By Pat Graham / The Associated Press
DOHA, Qatar—Gold medal secured, Noah Lyles took a lap around the sparsely filled stadium with a big decision weighing on him—vanilla or Oreo milkshake?
He just couldn’t decide between the two flavors as a reward after winning the 200-meter title on Tuesday night at the world championships.
“That’s how I’m going to celebrate my season,” Lyles said.
And what a season it was for the charismatic, fun-loving 22-year-old Lyles, who’s providing just the boost track and field needs in this post-Bolt era. Just don’t refer to him as the new Usain Bolt, though.
“I’m me,” said Lyles, who dyed his hair silver for the big occasion. “And if you like me, I’ll happily entertain you. It’s my time.”
He certainly took a little bit of time to take over the race.
Trailing going around the bend, Lyles kicked it into gear to pass Adam Gemili of Britain, Lyles finished in a time of 19.83 seconds to beat an exhausted Andre de Grasse of Canada by 0.12 seconds. Alex Quiñonez of Ecuador was third.
Even behind that late, Lyles, who grew up in Alexandria, Virginia, wasn’t the least bit concerned.
“It was one of those situations where I knew I had to get out, and I saw they were moving on the turn and I just started pumping my arms on the turn. I knew I could sling off and grab the momentum,” Lyles explained. “Because no matter where I am in the race, I will always be able to come back.”
After the race, the party was on. Lyles waved the American flag, kneeled a few times and kissed the track. It was rather subdued for the sprinter known for his dynamic dance moves.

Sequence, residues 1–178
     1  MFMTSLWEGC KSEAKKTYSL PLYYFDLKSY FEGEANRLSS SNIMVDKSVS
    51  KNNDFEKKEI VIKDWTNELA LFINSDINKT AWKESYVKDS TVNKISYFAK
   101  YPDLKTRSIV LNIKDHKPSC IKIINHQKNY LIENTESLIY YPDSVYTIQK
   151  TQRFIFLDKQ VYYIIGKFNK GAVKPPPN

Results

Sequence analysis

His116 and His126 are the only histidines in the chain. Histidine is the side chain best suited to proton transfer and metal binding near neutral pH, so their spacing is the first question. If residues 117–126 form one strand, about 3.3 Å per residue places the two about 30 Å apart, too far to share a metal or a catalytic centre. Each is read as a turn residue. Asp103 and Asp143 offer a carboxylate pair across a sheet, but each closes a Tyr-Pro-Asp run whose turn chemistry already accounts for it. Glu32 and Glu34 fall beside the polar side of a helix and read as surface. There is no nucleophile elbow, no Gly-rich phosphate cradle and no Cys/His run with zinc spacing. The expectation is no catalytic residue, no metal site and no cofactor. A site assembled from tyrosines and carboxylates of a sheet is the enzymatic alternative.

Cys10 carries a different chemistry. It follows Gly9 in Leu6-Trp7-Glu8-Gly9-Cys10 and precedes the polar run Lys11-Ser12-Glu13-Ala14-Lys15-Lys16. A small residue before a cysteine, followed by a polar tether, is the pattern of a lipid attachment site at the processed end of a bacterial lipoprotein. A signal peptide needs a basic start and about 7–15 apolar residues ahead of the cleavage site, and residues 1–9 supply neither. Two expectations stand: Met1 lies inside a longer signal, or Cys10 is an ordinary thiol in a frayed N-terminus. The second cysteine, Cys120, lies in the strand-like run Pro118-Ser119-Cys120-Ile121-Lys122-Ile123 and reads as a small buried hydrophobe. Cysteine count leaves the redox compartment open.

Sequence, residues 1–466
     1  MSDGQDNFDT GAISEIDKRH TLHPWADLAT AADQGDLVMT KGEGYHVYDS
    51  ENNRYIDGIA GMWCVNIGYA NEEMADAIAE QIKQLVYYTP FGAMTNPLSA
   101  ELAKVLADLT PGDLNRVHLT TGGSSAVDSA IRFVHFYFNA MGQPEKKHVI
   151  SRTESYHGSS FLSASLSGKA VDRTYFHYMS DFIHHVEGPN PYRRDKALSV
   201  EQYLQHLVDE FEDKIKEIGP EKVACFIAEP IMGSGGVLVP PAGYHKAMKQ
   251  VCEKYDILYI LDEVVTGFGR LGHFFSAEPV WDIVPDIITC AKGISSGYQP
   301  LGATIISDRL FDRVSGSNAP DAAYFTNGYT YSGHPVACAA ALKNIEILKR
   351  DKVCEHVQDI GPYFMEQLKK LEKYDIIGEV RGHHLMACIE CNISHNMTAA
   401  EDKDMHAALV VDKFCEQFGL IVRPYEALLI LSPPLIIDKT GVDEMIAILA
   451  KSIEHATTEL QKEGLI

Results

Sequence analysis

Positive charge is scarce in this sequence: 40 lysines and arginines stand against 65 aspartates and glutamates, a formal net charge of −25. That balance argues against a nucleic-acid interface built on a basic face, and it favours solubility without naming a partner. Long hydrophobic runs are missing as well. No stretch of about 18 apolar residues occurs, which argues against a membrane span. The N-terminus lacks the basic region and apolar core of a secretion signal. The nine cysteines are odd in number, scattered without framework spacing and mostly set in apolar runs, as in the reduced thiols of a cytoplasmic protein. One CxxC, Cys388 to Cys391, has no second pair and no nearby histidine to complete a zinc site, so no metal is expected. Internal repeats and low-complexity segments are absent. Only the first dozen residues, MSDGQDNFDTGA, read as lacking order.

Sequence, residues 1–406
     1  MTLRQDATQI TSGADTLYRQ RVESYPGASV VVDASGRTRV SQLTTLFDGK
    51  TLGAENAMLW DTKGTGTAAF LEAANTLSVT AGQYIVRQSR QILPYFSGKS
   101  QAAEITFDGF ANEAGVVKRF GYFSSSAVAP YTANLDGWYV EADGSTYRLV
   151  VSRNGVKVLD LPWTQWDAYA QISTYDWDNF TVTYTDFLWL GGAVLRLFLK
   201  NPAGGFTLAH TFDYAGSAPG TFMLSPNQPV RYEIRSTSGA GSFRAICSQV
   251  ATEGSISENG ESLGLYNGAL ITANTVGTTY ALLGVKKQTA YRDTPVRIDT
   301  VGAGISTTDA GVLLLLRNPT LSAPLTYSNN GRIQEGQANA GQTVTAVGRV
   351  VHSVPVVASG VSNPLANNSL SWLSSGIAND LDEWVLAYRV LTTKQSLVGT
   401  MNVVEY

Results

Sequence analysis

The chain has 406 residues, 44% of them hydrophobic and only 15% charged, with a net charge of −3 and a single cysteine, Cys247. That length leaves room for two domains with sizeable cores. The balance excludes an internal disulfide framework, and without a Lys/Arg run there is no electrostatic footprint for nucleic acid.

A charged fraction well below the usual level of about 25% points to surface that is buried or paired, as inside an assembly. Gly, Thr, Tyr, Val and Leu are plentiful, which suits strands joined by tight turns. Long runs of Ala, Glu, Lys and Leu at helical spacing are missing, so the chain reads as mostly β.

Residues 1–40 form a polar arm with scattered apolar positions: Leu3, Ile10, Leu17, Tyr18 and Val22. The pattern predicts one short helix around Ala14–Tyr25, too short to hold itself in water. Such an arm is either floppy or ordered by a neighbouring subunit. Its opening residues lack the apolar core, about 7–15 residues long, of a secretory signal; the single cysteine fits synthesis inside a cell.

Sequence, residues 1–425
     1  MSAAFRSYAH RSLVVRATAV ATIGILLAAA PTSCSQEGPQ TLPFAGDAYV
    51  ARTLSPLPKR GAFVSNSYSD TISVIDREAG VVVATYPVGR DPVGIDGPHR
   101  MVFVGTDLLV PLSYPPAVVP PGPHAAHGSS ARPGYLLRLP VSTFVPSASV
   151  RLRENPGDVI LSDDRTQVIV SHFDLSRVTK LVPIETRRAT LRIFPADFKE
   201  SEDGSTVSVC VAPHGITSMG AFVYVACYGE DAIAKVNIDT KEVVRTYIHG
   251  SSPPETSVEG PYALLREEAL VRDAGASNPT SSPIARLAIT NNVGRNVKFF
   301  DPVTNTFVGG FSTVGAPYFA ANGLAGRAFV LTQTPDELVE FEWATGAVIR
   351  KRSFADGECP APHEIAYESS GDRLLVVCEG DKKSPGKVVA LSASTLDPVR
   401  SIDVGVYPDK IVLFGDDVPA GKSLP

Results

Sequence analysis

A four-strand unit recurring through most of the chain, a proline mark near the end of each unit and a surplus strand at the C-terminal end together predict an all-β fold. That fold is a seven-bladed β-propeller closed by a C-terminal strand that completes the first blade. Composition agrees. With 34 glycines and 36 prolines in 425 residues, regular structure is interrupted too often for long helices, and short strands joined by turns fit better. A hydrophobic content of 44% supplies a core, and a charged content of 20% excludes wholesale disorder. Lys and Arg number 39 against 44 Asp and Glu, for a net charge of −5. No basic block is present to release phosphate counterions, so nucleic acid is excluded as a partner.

Perhaps, he’s saving his best stuff for 10 months from now at the Tokyo Games.
At this version of the championships, he threw his energy into winning the 200.
Now that the box is checked, he’s thinking bigger: Running the 100 and 200 in Tokyo. It could be quite a showdown with teammate Christian Coleman, who won the 100 at worlds and then skipped the 200. He plans to double, as well. Same with de Grasse, who did both at worlds and took bronze in the 100.
“I will be ready when Tokyo 2020 comes,” de Grasse said.
As a reminder of his goal—to win gold—Lyles put it into his phone and muttered it to himself over and over while he was driving. When it finally happened, he didn’t know how to really react.
“It’s like something you’ve imagined so many times in your head, that one you actually active it it’s like I thought, ‘We already did this?’” Lyles said. “Finally, to have done it feels unbelievable. It does feel good that I’m at the end of the season and we came out with the ultimate victory, which is a gold medal.”
His championships aren’t over. He’ll likely team with Coleman and Justin Gatlin as part of the US 4×100 men’s relay team. Lyles was coy on his relay leg.
“That’s a secret,” he said. “I can’t be giving up US confidential information.”
De Grasse began to take notice of Lyles last season.
“He reminded me of my younger self, the way he runs,” said de Grasse.
Image credits: AP